Bad news for AirAsia X customers as they cannot claim any refunds or credits from the airline as it undergoes a restructuring process after being hit hard by the pandemic, The Rakyat Post reported. According to the AirAsia X support site, the airline has submitted an application for a debt restructuring to the High Court of Kuala Lumpur and customers have been listed as scheme creditors as part of that process. Additionally, credit account applications, flight changes and Unlimited Pass holders are also affected.
Long-haul, low-cost carrier AirAsia X Bhd has run out of money and needs to raise up to 500 million ringgit ($120.60 million) to restart the airline, deputy chairman Lim Kian Onn said in a newspaper interview published on Saturday, Reuters reported. The Malaysian airline, the long-haul arm of AirAsia Group Bhd, said this month it wanted to restructure 63.5 billion ringgit ($15.32 billion) of debt and slash its share capital by 90% to continue as a going concern. “We have run out of money,” Lim told The Star newspaper.
AirAsia X Bhd (AAX), now at an existential crossroads, is in dire need of massive debt forgiveness from its creditors, or be prepared to shut its business down for good, AviationPros.com reported. The low-cost, medium-haul airline, which has grounded all its flights due to the Covid-19 outbreak, is asking creditors and suppliers to forgo over RM63bil in liability and instead accept a maximum RM200mil in payment. While the proposal may sound atrocious, analysts think many creditors would, in fact, accept the offer.
AirAsia X has proposed to its creditors to restructure MYR63.5 billion ringgits (USD15.3 billion) of liabilities through a reconstitution into an acknowledgement of indebtedness for a principal amount of up to MYR200 million (USD48.2 million), ch-aviation reported. The Malaysian long-haul low-cost carrier proposed in a stock market filing that any outstanding amounts above the reconstituted value and all sums, such as interest, incurred after June 30, 2020, be waived.
Malaysia Airlines is struggling to make payments owed to creditors and lessors amid the coronavirus pandemic that has forced it to slash its operations, Reuters reported. The national airline, which restructured after two deadly crashes in 2014, has a new plan involving big discounts from creditors, but unlike last time the cash-strapped government is unwilling to bail it out. The airline has been loss-making for about a decade. Losses were aggravated by two tragedies in 2014 - the mysterious disappearance of flight MH370 and the shooting down of flight MH17 over eastern Ukraine.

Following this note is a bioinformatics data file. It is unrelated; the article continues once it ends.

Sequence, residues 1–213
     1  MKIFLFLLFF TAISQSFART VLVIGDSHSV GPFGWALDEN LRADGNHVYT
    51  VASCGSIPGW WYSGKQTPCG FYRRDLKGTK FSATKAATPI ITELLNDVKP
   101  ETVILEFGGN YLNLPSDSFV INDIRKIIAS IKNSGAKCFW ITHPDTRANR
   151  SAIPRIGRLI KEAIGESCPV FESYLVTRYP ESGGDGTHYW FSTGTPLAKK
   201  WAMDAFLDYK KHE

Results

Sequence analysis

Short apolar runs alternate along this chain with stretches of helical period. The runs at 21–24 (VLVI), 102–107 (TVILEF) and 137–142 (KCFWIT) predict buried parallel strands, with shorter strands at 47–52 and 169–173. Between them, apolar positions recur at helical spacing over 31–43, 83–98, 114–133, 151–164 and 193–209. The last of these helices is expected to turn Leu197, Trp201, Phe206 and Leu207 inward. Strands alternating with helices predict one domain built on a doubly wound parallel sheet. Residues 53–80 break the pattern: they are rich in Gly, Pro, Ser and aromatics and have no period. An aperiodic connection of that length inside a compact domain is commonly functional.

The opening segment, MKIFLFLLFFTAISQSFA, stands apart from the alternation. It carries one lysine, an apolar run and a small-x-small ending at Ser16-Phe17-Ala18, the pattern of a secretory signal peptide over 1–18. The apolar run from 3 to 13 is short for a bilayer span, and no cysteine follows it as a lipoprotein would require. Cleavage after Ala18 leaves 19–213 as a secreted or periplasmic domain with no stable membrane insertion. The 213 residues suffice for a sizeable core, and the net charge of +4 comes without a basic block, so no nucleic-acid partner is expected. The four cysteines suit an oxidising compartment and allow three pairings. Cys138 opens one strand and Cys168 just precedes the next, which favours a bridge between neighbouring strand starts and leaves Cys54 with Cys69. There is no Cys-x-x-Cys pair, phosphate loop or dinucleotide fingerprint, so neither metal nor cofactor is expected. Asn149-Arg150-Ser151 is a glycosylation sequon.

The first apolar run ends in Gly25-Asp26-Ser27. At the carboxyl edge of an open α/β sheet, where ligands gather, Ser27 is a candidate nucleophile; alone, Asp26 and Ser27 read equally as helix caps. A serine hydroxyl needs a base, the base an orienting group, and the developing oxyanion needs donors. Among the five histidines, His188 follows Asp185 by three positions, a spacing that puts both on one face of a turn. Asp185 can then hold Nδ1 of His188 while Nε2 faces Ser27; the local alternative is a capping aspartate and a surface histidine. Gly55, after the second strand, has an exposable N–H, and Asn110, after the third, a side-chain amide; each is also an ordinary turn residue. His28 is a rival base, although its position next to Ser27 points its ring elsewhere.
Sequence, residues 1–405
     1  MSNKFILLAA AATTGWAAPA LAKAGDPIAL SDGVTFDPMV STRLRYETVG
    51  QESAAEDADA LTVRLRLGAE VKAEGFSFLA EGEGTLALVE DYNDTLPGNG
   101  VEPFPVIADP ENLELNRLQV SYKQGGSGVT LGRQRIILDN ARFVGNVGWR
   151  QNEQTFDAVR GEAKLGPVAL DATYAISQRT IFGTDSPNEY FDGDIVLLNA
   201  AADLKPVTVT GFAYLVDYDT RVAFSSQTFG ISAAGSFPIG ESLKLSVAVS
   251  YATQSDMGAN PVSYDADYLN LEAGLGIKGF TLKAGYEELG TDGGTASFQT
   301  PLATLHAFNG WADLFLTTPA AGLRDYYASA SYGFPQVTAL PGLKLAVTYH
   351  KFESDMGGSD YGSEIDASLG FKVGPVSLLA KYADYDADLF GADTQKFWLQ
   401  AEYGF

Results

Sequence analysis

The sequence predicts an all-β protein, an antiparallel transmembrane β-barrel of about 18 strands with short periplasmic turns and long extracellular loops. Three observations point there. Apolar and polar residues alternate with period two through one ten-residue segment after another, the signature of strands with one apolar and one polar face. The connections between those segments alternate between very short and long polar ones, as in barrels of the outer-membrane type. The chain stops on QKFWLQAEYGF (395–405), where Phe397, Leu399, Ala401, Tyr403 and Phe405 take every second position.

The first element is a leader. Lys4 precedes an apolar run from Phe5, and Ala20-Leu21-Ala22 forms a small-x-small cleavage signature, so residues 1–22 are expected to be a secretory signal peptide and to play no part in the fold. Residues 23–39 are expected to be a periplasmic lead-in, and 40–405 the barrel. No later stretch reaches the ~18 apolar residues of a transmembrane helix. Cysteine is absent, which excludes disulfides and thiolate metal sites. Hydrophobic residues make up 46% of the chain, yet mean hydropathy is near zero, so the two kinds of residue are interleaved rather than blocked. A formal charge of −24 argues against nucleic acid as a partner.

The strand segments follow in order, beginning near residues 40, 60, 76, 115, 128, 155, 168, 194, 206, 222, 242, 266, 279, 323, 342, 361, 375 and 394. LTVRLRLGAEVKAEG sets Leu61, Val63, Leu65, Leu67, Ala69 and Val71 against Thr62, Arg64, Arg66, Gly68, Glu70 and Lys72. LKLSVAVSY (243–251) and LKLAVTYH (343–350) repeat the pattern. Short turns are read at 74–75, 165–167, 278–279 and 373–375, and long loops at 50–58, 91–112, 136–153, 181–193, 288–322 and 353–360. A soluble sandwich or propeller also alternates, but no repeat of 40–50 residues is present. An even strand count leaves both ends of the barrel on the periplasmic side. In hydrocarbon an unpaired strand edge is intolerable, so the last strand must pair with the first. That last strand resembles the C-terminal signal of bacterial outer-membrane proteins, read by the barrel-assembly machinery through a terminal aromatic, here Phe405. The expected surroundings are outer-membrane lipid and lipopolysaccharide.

Shares in AirAsia’s long-haul unit skidded after the Malaysian carrier launched a last-ditch plan to save the business, blaming “severe liquidity constraints” caused by the coronavirus pandemic, the Financial Times reported. AirAsia X’s Kuala Lumpur-traded stock fell 10 per cent on Wednesday a day after the company warned of “an imminent default of contractual commitments [that] will precipitate a potential liquidation of the airline”. The proposed restructuring comes as the future of AirAsia, owned by Malaysian tycoon Tony Fernandes, hangs in the balance.
The parent of Malaysia Airlines has warned leasing companies that state fund Khazanah will stop funding the group and force it into a winding down process if restructuring talks with lessors are unsuccessful, according to a letter seen by Reuters. The warning from Malaysia Aviation Group (MAG), the holding company for the state carrier, raises the stakes in negotiations for a financial shake-up known as “Plan A” and sets out an alternative plan to divert funds to a sister airline unit called Firefly, Reuters reported.
In a related story, Bloomberg News reported that AirAsia Group Bhd. will cease operations in Japan immediately as it tries to reduce cash burn amid the coronavirus outbreak that’s wiped out travel demand globally. AirAsia Japan has stopped operations as of Monday, Southeast Asia’s second-biggest budget carrier said in a statement. That will help the parent conserve cash. Further steps on the decision will be made in accordance with applicable laws and regulations including the Japan Civil Aeronautics Act, it said.
AirAsia Group Bhd. has stopped funding its Indian affiliate as the global travel slump leaves the Malaysian group struggling to support a sprawling empire of no-frills airlines, people familiar with the matter said, Bloomberg News reported. AirAsia India Ltd.’s future may now depend on Indian conglomerate Tata Group, its majority shareholder, which has provided emergency funding but has yet to commit to a full rescue, according to the people, who asked not to be named discussing a confidential matter. The airline isn’t at any immediate risk of folding, the people said.